This recipe, which is equally delicious made with seafood or chicken, is traditionally steamed in a dish made from (or lined with) fresh banana leaves. If you can’t find any, line a baking dish aluminium foil.

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Hoi Mang Pu Ob Mor Din – Steamed Mussels with Lime Leaves and Galangal

A delightful Thai sauce is added to steamed mussels for a wonder appetiser or snack.Very easy to prepare.

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Kaeng Kari – Thai Yellow Curry Paste

Yellow curry is one of three major kinds of Thai curry that are commonly found in Thai restaurants in the West. There are other curry types in Thai cuisine, several of which are yellow. Pre-packaged curry powder of Indian origin is sometimes also referred to as yellow curry in Western countries but is a different blend of spices from Thai yellow curry.

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Kaeng Matsaman – Massaman Curry

The flavouring for Massaman curry is called Massaman curry paste (nam phrik kaeng matsaman). The dish usually contains coconut milk, roasted peanuts or cashews, potatoes, bay leaves, cardamom pods, cinnamon, star anise, palm sugar, fish sauce, chilli and tamarind sauce.

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Kaeng Pa – Thai Jungle Curry Paste

This Thai curry is unlike many of the Thai curries that you will be familiar with. Jungle curry contains no coconut milk since no coconuts grow in the jungles of northern Thailand. It was also originally prepared from wild boar but these days it is mainly prepared from pork or chicken.

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Kaeng Som – Thai Sour Curry

Kaeng Som is made from a type of red curry paste, which could be made from dried chillies as well as from fresh chillies. Kaeng Som can be made with any kind of fish but most prefer crustacean seafood; shrimp usually the most available and affordable. Any white fish works wonderfully. Kaeng Som is considered spicy by central, northern and north-eastern Thai people and is a regional specialty of southern Thailand.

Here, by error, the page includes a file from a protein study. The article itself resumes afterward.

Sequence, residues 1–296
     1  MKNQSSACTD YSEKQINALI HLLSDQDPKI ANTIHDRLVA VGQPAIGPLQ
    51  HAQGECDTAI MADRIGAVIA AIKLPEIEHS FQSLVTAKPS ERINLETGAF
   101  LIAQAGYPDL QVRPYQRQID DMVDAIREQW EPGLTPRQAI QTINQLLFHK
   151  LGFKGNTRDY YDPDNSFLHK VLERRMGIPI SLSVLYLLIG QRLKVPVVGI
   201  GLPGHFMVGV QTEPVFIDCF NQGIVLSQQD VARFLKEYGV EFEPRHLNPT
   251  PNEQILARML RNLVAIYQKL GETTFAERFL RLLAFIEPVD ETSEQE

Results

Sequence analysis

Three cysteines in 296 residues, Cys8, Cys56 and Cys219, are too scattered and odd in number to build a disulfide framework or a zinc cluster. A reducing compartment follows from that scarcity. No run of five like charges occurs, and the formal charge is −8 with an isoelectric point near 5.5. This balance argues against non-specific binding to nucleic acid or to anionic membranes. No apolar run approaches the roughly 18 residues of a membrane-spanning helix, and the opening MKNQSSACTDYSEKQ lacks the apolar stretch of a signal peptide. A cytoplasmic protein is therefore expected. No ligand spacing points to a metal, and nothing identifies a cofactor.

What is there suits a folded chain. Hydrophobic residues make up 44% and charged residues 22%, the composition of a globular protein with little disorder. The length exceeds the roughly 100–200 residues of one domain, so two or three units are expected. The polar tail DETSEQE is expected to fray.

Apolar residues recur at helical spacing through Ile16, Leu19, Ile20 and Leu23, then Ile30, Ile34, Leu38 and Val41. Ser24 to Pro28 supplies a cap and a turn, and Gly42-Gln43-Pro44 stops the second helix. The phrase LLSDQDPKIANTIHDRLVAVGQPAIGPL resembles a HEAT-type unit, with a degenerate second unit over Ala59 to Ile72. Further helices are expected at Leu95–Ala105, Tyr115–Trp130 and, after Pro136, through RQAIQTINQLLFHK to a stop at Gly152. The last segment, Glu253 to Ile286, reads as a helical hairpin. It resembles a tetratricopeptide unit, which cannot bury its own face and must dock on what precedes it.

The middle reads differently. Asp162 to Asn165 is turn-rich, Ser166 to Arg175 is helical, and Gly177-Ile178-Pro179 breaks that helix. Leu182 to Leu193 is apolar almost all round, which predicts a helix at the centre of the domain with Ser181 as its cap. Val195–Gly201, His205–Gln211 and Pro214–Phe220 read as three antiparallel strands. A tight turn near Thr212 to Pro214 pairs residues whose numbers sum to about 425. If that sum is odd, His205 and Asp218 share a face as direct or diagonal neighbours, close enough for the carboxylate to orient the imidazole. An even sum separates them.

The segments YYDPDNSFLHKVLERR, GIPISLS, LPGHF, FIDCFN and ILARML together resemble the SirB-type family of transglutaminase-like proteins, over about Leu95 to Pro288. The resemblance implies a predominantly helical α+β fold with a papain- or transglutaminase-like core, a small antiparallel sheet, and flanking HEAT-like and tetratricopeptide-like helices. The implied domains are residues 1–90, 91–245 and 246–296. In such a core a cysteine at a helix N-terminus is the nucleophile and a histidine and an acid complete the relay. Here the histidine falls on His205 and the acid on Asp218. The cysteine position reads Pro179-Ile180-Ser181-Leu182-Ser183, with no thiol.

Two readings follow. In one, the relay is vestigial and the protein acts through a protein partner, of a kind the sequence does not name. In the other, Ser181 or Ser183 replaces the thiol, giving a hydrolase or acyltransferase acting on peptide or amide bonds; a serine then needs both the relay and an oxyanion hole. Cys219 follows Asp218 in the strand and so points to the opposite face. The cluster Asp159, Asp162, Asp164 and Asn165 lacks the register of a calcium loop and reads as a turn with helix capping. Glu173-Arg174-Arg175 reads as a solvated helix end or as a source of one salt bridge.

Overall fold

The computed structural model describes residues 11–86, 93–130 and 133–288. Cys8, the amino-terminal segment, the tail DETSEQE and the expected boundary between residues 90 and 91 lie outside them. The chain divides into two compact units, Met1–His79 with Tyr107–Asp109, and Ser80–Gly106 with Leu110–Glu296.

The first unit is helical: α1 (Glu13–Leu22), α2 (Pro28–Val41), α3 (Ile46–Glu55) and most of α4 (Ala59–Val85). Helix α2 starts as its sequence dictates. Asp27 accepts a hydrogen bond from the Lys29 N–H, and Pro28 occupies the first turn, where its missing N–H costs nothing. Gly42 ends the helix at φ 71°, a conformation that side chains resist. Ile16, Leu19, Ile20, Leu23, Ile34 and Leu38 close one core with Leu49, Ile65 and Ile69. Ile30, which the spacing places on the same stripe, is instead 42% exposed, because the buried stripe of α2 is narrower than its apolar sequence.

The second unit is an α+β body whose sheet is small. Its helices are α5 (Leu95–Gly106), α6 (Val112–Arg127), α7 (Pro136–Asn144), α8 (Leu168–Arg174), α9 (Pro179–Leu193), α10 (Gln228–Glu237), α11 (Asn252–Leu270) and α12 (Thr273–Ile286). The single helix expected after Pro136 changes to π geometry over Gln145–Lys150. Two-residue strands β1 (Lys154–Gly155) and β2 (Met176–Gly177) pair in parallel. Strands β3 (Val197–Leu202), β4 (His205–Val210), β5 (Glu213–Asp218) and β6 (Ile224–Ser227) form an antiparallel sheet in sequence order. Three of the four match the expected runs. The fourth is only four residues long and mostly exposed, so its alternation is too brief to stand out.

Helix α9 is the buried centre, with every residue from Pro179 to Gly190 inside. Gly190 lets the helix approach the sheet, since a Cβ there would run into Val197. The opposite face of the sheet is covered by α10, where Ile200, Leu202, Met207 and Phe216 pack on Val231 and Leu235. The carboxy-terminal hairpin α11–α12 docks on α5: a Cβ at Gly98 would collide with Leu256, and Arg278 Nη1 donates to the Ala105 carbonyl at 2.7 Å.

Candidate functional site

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Kai Yat Sai – Thai Stuffed Omelette

The egg is cooked lightly, topped with various ingredients (such as minced beef or pork, peas, onion, spring onion, carrots, tomatoes), seasoned with fish sauce and/or oyster sauce, and then folded over.

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Khanom Pang Jim Sangkhaya – Pandan Coconut Custard or Dipping Sauce

A silky smooth pandan coconut custard dipping sauce, this pandan custard is a common spread or dipping sauce for fresh breads of all sorts, waffles, fried bread sticks, and Pa Thong Ko (Thai Doughnuts).

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Khao Kha Mu – Pork Trotter stewed in Soy Sauce

Khao kha mu is steamed rice served with sliced pork trotter which has been simmered in soy sauce and spices. It is always served with a sweet spicy dipping sauce on the side. Often a clear broth is provided on the side as well, as are fresh bird’s eye chillies and cloves of raw garlic. Boiled egg is optional.

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Khao Khai Chiao – Omelette with White Rice

A Thai omelette (khai chiao) with white rice, often eaten with a chilli sauce and slices of cucumber.

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Khao Khluk Kapi – Fried Rice with Shrimp Paste

Khao khluk kapi is rice stir-fried with shrimp paste, served with sweetened pork, beef or vegetables, sour mango, fried shrimp, chillies and shallots.